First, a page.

|Cockles and conches, |
Mosteiro dos Jeronimos, Lisbon
It's easy enough to find out lots about the famous buildings in Lisbon, including the World Heritage Site of Mosteiro dos Jerónimos, but I'll just focus here on detail with a view on the natural world. I loved the seashells near one of the entrances to St Jerome's Monastery - apparently sailors stopped here to pray before they set off to discover new lands to 'conquer' and pillage, and the decorative elements include maritime themes and objects, all wrought in a lovely local limestone that would be very easy to work - I wondered if this influenced the style at all? It wouldn't be too easy for any stonemason, no matter how skilled, to try to do that sort of work on granite or basalt, for example. I suppose that's a question for someone else to answer.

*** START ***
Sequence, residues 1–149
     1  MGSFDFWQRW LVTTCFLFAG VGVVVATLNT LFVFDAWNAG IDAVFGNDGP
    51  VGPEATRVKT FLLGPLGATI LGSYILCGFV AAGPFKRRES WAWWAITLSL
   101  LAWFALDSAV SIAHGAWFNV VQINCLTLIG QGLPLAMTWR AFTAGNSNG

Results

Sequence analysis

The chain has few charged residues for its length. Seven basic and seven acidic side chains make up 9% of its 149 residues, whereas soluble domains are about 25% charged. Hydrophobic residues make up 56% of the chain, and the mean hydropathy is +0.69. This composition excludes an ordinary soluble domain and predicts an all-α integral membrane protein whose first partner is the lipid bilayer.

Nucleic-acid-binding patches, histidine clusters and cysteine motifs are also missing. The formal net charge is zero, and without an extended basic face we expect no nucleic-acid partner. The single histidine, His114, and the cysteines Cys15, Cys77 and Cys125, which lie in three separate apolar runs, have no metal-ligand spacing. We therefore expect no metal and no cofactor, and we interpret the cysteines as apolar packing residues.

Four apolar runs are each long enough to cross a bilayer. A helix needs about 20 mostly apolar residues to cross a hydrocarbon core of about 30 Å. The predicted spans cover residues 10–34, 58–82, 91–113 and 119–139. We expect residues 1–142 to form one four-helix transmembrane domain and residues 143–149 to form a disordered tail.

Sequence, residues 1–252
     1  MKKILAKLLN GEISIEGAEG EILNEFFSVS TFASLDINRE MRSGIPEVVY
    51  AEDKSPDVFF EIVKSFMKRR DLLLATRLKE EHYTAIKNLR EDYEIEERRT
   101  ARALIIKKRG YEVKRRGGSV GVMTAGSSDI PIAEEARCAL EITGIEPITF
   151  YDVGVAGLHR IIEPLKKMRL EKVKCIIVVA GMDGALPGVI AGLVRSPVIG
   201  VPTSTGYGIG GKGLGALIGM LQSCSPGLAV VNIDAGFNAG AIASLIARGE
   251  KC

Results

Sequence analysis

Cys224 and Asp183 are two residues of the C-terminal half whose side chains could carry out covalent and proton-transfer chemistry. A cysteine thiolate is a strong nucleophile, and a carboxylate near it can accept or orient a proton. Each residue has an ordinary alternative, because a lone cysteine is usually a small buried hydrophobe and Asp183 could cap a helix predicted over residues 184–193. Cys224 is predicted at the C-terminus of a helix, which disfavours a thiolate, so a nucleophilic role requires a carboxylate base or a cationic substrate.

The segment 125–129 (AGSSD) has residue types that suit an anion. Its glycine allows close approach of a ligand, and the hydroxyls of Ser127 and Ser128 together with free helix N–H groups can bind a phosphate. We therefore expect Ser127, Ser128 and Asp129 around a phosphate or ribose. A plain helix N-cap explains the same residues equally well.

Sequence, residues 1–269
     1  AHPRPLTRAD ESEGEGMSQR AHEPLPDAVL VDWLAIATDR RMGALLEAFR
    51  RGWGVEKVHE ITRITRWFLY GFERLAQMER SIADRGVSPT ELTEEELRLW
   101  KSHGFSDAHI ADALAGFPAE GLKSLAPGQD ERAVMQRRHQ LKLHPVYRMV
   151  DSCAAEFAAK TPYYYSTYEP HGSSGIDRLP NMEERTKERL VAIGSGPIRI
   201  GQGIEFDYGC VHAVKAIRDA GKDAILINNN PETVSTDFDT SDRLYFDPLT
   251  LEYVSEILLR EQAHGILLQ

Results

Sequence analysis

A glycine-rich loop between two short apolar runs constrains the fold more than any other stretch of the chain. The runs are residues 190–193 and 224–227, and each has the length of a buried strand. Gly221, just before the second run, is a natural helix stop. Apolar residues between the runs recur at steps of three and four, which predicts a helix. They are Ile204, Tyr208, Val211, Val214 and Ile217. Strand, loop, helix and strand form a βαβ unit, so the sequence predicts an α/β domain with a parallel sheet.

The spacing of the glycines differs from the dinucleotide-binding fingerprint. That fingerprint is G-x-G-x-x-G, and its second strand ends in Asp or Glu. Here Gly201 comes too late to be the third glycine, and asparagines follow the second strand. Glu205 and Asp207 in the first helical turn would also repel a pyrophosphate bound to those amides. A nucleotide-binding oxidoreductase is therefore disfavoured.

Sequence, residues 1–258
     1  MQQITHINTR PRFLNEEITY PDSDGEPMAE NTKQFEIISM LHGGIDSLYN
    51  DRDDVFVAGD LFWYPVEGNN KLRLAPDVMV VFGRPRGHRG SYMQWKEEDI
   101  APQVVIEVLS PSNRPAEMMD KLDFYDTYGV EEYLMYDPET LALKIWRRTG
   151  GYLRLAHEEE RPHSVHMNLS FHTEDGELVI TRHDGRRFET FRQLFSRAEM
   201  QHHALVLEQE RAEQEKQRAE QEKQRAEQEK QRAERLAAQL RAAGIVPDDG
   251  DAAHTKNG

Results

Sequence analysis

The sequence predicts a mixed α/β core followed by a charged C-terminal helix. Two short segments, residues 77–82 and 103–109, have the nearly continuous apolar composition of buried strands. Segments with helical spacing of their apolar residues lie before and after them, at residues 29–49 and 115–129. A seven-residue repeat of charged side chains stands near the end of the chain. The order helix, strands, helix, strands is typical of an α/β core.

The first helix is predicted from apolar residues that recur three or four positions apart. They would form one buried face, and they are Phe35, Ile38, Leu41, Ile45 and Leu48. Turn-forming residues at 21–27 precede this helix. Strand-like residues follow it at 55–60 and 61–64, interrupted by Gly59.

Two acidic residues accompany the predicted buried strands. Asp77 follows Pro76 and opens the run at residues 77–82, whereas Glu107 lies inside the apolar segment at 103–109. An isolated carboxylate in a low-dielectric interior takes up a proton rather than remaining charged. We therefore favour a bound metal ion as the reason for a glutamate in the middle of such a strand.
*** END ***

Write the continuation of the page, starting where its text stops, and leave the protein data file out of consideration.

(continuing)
Within the city itself are many beautiful tiled buildings, many of the patterns being quite abstract, but I liked these irises, and I also found a street of flowers (the real ones long gone alas): Rua das Flores.
|Irises: tiles above a lintel in a Campodile street|
But for me, one of the ways that I know I'm in a new and foreign place is the vegetation - I remember being amazed at the beautiful maples incongruously and gracefully accompanying large fuel tanks near one of the runways in Narita Airport in Japan, for example. In Lisbon and Cascais it was the jacarandas and palms and also the amazing Ficus trees in the square in Principe Real, where we sat and had lunch after a visit to the Jardim Botânico.
|Jacaranda tree in Praça dos Restauradores, Lisbon|
|Palms on a warm October evening in Cascais|
|Hibiscus rosa-sinensis, in the Botanical Gardens, Lisbon|
|Poinsettia, Eurphorbia pulcherrimum, in the Botanical Gardens, Lisbon|
|Acer palmatum chinostachys - garnet|
|Acer palmatum atropurpureum - ruby|
Have a good week all.